Whistleblowing protection: Employee’s conduct separable from making a protected disclosure

19th October 2022

The Court of Appeal recently held that the dismissal of a whistleblowing employee, for her conduct related to making protected disclosures, was not automatically unfair under whistleblowing protection legislation. The employee’s conduct could be separated from making the disclosures.

Here we consider this significant case of Kong v Gulf International Bank (UK) Ltd and the implications for whistleblowers.

The Law

Whistleblowing detriments – section 47B(1) Employment Rights Act (ERA) 1996:
A worker has the right not to be subjected to any detriment by any act, or any deliberate failure to act, by his employer done on the ground that the worker has made a protected disclosure.
on the ground that” means the protected disclosure is a material influence.

Automatic Unfair Dismissal – section 103A ERA 1996:
An employee who is dismissed shall be regarded for the purposes of this Part as unfairly dismissed if the reason (or, if more than one, the principal reason) for dismissal is that the employee made a protected disclosure.”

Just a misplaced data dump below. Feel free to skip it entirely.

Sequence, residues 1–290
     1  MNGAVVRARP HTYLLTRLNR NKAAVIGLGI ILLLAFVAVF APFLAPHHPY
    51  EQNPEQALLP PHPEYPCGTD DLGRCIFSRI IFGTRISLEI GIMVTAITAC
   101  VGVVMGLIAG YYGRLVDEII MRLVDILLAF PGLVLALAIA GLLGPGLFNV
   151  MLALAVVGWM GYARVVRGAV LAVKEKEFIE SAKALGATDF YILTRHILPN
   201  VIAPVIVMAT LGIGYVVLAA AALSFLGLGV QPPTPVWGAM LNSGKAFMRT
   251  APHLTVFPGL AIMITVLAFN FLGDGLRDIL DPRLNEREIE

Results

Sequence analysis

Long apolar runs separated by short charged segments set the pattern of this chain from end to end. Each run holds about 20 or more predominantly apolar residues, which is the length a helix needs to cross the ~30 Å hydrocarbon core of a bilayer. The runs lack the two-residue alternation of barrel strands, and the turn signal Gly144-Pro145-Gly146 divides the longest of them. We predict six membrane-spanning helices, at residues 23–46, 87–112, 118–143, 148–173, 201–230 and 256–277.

Ms Kong was employed by Gulf International (UK) Limited, a UK subsidiary of Bahraini Bank. She had been the Head of Financial Audit since 2016, and was summarily dismissed on 3 December 2018. By October 2018, Ms Kong had made a number of protected disclosures that there were insufficient safeguards on one of the templates they were using. She raised her concerns with the Head of Legal, Ms Harding, both over email and in an unscheduled meeting (initiated by Ms Harding), in which Ms Kong questioned Ms Harding’s awareness of the law. Ms Harding made a subsequent complaint to the CEO and Head of HR that Ms Kong had questioned her integrity, and as a result felt unable to work with her.

The Head of HR, CEO and Group Chief Auditor then decided that Ms Kong should be summarily dismissed. The reason given to Ms Kong in her dismissal letter was that her “behaviour, manner and approach had resulted in people not wanting to work with her”, an opinion which seemed to be widely held in the Company.